Colombia to send committee for release of German hostages

Mon Feb 25, 2013 9:12pm EST
 
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By Luis Jaime Acosta

BOGOTA (Reuters) - Colombia's government on Monday authorized a committee of civilians and Red Cross officials to travel to a jungle zone where it hopes two German hostages will be freed by the nation's second-largest guerrilla group.

The National Liberation Army (ELN) said in early February they had captured two German men in Catatumbo, near the border with Venezuela, the second time in a month it seized foreigners.

"They sent us a message saying that if we authorized the Red Cross and a committee that already exists to interact with the ELN ... they would immediately release the two German hostages," President Juan Manuel Santos said.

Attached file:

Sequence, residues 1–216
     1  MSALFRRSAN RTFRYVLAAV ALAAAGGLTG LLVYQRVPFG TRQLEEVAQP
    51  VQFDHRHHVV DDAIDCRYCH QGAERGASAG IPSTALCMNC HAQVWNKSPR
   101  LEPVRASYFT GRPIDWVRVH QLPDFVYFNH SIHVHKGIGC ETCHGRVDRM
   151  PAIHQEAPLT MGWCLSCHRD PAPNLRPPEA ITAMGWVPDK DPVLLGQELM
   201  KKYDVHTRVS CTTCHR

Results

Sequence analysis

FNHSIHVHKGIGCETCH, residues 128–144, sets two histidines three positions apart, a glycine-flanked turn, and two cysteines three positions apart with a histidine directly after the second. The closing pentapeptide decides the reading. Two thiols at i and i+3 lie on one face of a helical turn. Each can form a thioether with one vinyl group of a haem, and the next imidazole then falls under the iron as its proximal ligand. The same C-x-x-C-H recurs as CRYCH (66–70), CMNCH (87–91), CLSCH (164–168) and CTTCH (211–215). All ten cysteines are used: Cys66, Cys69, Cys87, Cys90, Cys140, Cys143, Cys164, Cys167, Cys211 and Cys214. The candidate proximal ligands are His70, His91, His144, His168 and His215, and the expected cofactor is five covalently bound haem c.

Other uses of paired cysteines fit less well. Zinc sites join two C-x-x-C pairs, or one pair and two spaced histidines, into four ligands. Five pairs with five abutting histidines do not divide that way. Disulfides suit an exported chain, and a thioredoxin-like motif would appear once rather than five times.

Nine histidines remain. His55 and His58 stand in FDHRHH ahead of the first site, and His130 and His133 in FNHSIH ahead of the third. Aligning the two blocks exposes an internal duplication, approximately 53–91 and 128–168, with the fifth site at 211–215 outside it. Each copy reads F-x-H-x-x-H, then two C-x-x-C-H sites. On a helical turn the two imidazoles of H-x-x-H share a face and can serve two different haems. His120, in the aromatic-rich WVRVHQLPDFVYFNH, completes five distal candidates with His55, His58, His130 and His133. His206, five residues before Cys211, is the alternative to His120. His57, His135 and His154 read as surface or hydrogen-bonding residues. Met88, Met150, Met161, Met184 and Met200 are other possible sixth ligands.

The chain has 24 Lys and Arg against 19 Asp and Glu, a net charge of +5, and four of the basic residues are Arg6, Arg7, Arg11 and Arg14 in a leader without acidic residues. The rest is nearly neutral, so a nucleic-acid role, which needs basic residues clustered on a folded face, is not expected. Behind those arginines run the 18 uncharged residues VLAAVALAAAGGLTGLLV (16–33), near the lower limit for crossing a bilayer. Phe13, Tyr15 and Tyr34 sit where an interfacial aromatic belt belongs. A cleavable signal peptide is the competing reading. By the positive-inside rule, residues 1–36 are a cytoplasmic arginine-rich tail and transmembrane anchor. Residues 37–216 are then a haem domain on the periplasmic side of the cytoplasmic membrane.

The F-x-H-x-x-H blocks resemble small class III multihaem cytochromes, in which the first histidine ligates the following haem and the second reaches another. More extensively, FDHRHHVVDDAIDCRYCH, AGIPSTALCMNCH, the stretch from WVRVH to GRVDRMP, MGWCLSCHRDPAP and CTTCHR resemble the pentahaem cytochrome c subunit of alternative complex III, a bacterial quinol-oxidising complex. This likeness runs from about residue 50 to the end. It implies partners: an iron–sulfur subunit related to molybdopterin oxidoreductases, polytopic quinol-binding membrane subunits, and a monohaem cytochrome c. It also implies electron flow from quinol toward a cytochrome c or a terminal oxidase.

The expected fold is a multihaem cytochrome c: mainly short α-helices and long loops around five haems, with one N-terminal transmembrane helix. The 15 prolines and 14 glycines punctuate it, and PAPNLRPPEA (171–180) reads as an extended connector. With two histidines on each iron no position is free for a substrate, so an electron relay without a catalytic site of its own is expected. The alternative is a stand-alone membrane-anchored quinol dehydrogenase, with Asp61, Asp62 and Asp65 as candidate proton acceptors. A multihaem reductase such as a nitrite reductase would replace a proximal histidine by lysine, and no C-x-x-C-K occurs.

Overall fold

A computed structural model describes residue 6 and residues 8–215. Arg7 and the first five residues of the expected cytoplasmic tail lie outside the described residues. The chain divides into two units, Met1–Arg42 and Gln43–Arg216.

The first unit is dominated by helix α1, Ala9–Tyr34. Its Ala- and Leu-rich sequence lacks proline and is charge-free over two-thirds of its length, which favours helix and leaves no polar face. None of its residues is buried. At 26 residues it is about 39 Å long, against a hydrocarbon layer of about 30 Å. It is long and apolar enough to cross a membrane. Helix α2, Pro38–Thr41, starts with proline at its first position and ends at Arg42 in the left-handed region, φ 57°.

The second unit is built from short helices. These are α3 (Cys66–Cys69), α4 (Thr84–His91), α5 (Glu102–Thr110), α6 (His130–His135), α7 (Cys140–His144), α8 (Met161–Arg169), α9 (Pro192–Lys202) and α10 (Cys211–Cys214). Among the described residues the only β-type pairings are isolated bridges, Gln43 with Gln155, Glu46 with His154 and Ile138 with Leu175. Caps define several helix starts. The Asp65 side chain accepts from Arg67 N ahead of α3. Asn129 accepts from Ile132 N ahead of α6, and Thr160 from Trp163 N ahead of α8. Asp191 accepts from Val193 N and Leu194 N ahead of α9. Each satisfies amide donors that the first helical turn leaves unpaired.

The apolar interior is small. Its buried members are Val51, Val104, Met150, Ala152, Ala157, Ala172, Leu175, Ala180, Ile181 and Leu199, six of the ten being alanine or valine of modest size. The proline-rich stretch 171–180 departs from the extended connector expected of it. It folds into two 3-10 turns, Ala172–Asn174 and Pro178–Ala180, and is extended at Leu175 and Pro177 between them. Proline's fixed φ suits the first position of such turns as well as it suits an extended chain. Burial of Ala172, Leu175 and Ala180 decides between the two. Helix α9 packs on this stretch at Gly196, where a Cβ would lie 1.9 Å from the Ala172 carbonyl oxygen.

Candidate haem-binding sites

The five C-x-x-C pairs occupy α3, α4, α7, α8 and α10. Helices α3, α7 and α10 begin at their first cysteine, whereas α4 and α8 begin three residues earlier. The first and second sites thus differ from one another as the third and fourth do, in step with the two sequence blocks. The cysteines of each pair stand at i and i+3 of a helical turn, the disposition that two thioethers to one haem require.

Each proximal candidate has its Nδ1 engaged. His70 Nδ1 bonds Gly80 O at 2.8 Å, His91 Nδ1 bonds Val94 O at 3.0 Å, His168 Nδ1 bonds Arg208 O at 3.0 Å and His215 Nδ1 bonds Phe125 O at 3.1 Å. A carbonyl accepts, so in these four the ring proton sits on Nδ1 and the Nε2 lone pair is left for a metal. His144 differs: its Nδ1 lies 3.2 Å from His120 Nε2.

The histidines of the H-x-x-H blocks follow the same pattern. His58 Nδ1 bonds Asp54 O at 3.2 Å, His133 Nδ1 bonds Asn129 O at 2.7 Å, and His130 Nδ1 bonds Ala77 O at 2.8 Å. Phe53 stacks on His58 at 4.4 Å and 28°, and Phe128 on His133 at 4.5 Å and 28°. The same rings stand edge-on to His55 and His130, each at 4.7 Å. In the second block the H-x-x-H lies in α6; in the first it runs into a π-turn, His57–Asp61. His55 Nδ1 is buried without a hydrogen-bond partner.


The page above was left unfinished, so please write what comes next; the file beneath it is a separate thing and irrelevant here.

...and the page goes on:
"I'm going to give the authorization so those German citizens are free as soon as possible. I expect the ELN to honor their word."

The ELN identified the two captives as Uwe Breuer and Gunther Otto Breuer. The rebels initially said they considered them to be intelligence agents because they could not explain why they were in the area.

The German government, however, said they were pensioners traveling in a four-wheel drive through South America.

The ELN is not engaged in talks currently underway in Cuba to bring an end to five decades of war between the government and the Revolutionary Armed Forces of Colombia, the country's largest rebel group known as FARC.

Attempts by previous governments to halt the war ended in shambles and helped energize the FARC and intensify fighting. Santos' popularity has been falling for about a year, in part because many perceive the rebels are gaining ground.   Continued...

 
Colombia's President Juan Manuel Santos is seen at the summit of the Community of Latin American and Caribbean States (CELAC) in Santiago, January 28, 2013. REUTERS/Eliseo Fernandez